Just Communities: Christians and Education - Part 2
Aug 21, 2019
| By Matt Humble
Education in the History of Missions
Some years ago, Christianity Today reported on a sociological study, led by Robert Woodberry, that examined the correlation between missionary work during colonization and thriving liberal democracy today (1). Because of the atrocities associated with colonization, the study was controversial (2). At the same time, what unfolded in the study was quite remarkable. Christian missionaries in colonized countries, convinced of the value and dignity of all human beings, made undeniable changes that shaped the future of those countries: they helped create written forms of the native languages and were the first people to import printing presses; their schools would educate the future leaders of these countries; they addressed human rights issues and brought the attention to the atrocities that took place in colonization. These weren’t social-gospel Christians (not a pejorative we approve of) that were unconcerned with gospel proclamation; instead, they were word-and-deed Christians rooted in a deep understanding of what it meant to be made in the image of God.
These countries were undeniably changed. Woodberry points out:
Areas where Protestant missionaries had a significant presence in the past are on average more economically developed today, with comparatively better health, lower infant mortality, lower corruption, greater literacy, higher educational attainment (especially for women), and more robust membership in nongovernmental associations.
While internationally they confronted the injustice of colonization it is many forms, domestically, Christians drove social change in England, establishing rights for the most vulnerable and bringing an end to the slave trade (something that we will look at in more depth in our next article in this series). To do this, it took proximity to the problem and a willingness to confront the injustice of their own country’s actions. The question we are left with is, what changed?
At some point, Christianity went from boldly confronting injustice and disparities under the banner of the good news of Jesus Christ to something much safer, judging the ills of society from afar and proclaiming at a distance “we have the keys of eternity.” How would our lives look differently if we held to the same robust view of what it means to be made in the image of God as the early Christian missionaries? If we proclaimed the value and dignity given to every person simply because of who God is and what it means to be made in His image (Deuteronomy 10:12–22; Psalm 146:5–10)?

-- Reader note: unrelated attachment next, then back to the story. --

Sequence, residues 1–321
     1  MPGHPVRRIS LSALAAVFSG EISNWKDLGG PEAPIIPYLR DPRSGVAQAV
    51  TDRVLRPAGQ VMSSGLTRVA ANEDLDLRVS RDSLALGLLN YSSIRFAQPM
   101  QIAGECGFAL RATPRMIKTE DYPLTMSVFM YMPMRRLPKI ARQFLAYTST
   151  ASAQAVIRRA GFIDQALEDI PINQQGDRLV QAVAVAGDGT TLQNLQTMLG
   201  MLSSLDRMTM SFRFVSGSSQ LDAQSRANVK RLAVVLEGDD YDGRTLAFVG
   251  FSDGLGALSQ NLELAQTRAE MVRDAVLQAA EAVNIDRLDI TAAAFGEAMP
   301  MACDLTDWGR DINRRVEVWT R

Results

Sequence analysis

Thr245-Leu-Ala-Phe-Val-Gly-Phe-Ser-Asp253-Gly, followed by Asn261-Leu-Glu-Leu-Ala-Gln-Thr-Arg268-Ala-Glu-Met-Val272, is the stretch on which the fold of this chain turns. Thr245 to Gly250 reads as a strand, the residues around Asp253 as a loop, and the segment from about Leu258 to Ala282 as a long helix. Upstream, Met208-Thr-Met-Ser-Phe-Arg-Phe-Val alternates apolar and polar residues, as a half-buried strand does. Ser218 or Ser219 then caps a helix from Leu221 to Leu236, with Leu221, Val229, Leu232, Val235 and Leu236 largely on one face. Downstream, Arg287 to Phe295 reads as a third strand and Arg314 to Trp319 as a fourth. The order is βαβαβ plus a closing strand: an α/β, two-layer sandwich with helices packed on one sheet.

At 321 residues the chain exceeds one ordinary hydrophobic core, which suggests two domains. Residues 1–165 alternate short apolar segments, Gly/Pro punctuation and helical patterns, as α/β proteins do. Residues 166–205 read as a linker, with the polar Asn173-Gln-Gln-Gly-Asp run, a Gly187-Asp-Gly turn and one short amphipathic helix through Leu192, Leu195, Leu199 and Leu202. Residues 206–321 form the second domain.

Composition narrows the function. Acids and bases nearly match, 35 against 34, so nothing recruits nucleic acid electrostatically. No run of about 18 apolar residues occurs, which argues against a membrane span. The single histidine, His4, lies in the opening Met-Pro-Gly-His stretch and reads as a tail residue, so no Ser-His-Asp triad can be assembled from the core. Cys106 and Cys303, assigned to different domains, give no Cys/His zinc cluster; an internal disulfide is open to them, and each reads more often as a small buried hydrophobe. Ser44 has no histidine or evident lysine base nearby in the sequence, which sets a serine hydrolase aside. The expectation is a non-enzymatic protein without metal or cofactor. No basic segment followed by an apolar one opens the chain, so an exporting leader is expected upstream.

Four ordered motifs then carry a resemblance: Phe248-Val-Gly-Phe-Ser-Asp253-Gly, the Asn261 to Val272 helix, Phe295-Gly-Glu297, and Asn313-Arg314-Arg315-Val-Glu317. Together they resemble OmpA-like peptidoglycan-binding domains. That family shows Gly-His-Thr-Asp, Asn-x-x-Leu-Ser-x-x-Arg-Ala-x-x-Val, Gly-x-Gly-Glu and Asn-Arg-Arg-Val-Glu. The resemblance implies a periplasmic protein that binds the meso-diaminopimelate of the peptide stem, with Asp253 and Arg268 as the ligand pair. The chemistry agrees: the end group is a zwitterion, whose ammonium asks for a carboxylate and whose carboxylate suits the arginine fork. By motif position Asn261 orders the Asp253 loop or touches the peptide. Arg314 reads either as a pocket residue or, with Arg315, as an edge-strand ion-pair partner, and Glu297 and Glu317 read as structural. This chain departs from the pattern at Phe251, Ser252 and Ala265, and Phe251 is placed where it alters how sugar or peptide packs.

God longs to see the end of the curse of sin on his creation (Amos 5:14–15; Revelation 21:1–6), and he has called us to begin this work now and continue until the day he returns to make all things new (Jeremiah 29:4–14; Luke 4:16–21; Matthew 6:10; Matthew 25:31–46). God has not abandoned this world while we wait for the new one. He has given us the tools to begin to see the foreshadowing of his justice and righteousness today (Acts 8:4–8; Romans 6:22). These early missionaries understood that; they knew that God wanted something better today to point to his perfect tomorrow.
Today, education is a logical realm to lift up fellow image-bearers. Why don’t ideas that seemed obvious to our missionary forbears move us to action? It seems no coincidence that one of the most important factors in a healthy and prosperous society, literacy, is the same thing needed to hear from God himself through his written Word! The disparities that exist in education today are staggering, giving us the same opportunities as long ago: to share the value and worth of every image-bearer; to end the cycle of brokenness that sin has put on our community; to offer hope for both today and eternity. To do this, we have to be ready to proclaim the gospel in both word (truth) and deed (1 John 3:17), just as these missionaries did.
It is our hope that every person, especially every family, would pray with open hands and ask God how he is calling them to declare the value and worth of all image-bearers and invest in their neighbors’ as a means to know him and hear from him through his Word. Would you prayerfully consider:
- Being a mentor through Go.
- Mentor volunteering at a local school.
- Working in education (e.g., teacher, administrator, social worker).
- Engaging in local school policy.
Regardless, all of us should be engaged in praying for the kids and educators working in our community.
(1) Dilley, Andrea Palpant. "The World the Missionaries Made." Christianity Today, January/February 2014, pp. 34–41.
(2) We want to be clear that we are not including all missionary work under the same umbrella. We felt it was important to include these quotes from Woodberry addressing the issue of racism and colonialism.
“We don’t have to deny that there were and are racist missionaries, we don’t have to deny there were and are missionaries who do self-centered things. But if that were the average effect, we would expect the places where missionaries had influence to be worse than places where missionaries weren’t allowed or were restricted in action. We find exactly the opposite on all kinds of outcomes. Even in places where few people converted, [missionaries] had a profound economic and political impact.”
“One stereotype about missions is that they were closely connected to colonialism. But Protestant missionaries not funded by the state were regularly very critical of colonialism.”